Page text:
“We owe tremendous thanks to Howard French for this fascinating and deeply reported book. He is an audacious writer who takes his readers to the far-flung factories, farms and living rooms of the Chinese entrepreneurs who are flooding into countries like Mozambique, Zambia and Senegal. French intrepidly explores the other side of the global coin, giving voice to an array of Africans reacting warily to the new imperialists in their midst. This is an essential book for understanding not just China and Africa but our changing world.”
—Peter Maass, author, Crude World

“Almost no other writer would have dared the reportorial and story-telling challenge Howard French has set for himself in China’s Second Continent, and absolutely none could have pulled it off as well. This is foreign reportage and analysis presented as compelling human drama.”
—James Fallows, author, China Airborne


“In Howard French’s wonderfully engaging new book, he draws on his journalistic experience covering both China and Africa to weave together a series of vivid portraits which limn the country’s global rise in this remote and unlikely part of the world. What is so surprising about the stories he tells is that they chronicle everything from the constriction of massive stadiums, hospitals, universities, highways and mineral and energy extraction operations to small-scale shops, farms and family businesses. China’s Second Continent is a grand tale of the world’s newest diaspora, one that promises to change a previously largely forgotten continent.”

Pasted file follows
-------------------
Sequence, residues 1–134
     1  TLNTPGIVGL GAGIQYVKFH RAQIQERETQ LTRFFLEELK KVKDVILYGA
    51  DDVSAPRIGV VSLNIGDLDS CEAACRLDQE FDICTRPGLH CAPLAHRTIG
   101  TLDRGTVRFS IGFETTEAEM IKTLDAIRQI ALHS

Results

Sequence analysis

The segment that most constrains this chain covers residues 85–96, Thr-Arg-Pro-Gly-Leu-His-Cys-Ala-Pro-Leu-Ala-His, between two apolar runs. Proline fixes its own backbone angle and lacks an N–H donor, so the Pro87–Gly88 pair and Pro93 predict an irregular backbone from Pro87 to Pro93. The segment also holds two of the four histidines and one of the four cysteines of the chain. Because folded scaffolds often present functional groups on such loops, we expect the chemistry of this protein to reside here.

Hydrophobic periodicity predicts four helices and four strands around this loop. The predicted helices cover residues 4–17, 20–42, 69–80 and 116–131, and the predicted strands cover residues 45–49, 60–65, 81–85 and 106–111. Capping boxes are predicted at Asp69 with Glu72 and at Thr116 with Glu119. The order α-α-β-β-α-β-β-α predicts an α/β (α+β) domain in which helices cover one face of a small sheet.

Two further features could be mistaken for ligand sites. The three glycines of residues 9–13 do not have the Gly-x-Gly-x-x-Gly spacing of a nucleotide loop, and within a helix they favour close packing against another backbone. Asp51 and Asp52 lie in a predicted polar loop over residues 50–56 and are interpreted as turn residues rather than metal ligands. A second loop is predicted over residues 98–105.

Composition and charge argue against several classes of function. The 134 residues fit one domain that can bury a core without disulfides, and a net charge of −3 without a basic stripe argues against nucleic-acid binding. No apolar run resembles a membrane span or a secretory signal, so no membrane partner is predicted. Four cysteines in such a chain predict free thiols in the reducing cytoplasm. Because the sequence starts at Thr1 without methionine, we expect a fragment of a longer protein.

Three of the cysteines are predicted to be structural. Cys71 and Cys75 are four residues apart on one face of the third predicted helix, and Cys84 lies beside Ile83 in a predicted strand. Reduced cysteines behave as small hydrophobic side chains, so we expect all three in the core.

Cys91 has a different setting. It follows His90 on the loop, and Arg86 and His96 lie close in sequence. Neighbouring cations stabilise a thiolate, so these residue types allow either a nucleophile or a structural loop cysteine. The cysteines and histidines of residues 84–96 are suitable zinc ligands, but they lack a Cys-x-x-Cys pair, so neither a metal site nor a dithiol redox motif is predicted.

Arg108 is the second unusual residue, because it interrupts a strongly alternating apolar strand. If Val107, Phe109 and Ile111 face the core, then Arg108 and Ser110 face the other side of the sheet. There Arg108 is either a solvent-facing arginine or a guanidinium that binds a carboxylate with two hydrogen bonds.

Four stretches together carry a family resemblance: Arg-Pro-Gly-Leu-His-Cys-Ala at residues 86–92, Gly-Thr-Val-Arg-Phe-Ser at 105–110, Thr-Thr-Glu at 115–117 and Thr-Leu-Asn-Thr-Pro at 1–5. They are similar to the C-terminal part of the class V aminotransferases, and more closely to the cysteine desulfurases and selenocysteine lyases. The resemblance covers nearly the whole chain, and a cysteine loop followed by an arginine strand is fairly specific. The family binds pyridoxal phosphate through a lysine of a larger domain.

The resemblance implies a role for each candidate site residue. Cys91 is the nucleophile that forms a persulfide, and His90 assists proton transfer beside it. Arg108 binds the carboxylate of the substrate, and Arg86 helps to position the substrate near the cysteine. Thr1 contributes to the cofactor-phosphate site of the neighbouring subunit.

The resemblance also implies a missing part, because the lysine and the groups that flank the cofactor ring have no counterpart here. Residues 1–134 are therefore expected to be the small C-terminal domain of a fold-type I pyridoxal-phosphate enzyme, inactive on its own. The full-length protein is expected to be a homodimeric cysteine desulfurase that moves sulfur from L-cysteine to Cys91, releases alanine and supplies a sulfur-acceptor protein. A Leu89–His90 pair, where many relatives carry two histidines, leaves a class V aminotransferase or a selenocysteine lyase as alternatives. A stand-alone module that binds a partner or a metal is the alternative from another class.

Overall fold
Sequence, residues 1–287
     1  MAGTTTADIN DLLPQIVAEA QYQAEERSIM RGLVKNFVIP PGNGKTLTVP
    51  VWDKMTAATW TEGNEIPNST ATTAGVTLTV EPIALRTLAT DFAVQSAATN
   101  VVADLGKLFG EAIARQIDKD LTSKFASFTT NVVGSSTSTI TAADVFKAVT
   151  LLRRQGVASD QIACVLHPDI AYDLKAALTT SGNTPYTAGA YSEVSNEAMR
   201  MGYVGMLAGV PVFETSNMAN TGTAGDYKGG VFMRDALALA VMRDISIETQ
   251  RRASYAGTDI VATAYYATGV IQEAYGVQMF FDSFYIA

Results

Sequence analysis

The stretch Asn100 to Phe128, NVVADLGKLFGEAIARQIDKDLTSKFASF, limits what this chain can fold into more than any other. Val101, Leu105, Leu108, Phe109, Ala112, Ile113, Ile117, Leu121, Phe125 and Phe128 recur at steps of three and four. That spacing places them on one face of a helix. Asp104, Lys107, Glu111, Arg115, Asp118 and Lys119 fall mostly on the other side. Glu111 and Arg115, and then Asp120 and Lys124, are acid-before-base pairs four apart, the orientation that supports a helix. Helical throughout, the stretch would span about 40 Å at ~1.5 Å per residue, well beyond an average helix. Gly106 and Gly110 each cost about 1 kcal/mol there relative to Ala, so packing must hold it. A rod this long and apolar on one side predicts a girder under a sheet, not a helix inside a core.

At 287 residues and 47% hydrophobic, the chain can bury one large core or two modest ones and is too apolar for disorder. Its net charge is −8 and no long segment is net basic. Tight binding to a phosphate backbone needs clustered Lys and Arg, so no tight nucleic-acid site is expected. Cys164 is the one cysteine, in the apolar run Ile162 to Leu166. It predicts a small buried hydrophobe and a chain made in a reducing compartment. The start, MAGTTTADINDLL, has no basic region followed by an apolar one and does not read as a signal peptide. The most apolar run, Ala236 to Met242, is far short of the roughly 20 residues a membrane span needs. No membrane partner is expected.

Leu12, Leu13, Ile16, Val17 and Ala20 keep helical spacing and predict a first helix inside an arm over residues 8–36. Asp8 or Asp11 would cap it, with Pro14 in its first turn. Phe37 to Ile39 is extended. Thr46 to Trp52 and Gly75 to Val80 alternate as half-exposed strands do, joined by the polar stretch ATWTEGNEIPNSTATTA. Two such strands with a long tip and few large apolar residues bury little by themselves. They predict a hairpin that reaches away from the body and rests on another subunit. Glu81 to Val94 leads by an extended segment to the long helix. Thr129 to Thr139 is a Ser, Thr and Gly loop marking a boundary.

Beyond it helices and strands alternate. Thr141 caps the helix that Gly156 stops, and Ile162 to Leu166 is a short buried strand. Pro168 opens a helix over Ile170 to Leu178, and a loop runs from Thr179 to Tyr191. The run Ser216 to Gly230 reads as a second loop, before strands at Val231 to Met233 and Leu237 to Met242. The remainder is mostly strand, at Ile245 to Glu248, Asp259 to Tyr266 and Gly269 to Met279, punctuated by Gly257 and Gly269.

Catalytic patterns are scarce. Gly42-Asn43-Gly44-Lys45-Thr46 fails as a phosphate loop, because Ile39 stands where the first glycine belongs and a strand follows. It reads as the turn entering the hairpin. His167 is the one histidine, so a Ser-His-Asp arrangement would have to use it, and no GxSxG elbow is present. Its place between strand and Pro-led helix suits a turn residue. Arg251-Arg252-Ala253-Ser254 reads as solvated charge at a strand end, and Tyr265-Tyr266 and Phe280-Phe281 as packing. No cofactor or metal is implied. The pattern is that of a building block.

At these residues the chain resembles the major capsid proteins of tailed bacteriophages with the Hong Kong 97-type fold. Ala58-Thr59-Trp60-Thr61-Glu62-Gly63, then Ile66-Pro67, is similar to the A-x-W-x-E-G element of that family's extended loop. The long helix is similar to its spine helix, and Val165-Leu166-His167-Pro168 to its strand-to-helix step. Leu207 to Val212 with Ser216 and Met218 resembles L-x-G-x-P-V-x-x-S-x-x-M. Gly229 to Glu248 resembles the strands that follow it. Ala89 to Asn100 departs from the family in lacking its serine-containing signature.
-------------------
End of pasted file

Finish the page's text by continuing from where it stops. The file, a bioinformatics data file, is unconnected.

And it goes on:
—Orville Schell, Director, The Center on US-China Relations, Asia Society

“Howard French has given us the most lush, fair, and expansive look yet at China’s role in Africa. This is a tale not strictly about China or Africa; it is about the encounter of civilizations and the energy produced in the collision. Infused with thought and sympathy, this is a book with no agenda other than fidelity to facts that were so difficult to gather on the ground.”
—Evan Osnos, staff writer, The New Yorker
 
“Is China’s burgeoning empire in Africa a ‘win-win’ for both parties? For the most comprehensive, closely-reported answer to this question, read this book. It’s full of surprises, from hard-driving frontiersmen looking for (and finding) countries with less corruption than they faced at home in China to healthy democracies constraining the more rapacious practices of extractive industry. I cannot imagine a better, more-qualified guide to this vast, fascinating subject than Howard French.” 
—William Finnegan, author, A Complicated War: The Harrowing of Mozambique